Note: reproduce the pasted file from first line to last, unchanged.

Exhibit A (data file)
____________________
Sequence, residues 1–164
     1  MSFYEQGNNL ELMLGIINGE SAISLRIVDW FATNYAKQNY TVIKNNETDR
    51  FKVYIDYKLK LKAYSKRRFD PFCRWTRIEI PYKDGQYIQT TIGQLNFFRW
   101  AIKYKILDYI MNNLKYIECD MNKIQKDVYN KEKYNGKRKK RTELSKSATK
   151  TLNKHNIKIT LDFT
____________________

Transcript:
Sequence, residues 1–164
     1  MSFYEQGNNL ELMLGIINGE SAISLRIVDW FATNYAKQNY TVIKNNETDR
    51  FKVYIDYKLK LKAYSKRRFD PFCRWTRIEI PYKDGQYIQT TIGQLNFFRW
   101  AIKYKILDYI MNNLKYIECD MNKIQKDVYN KEKYNGKRKK RTELSKSATK
   151  TLNKHNIKIT LDFT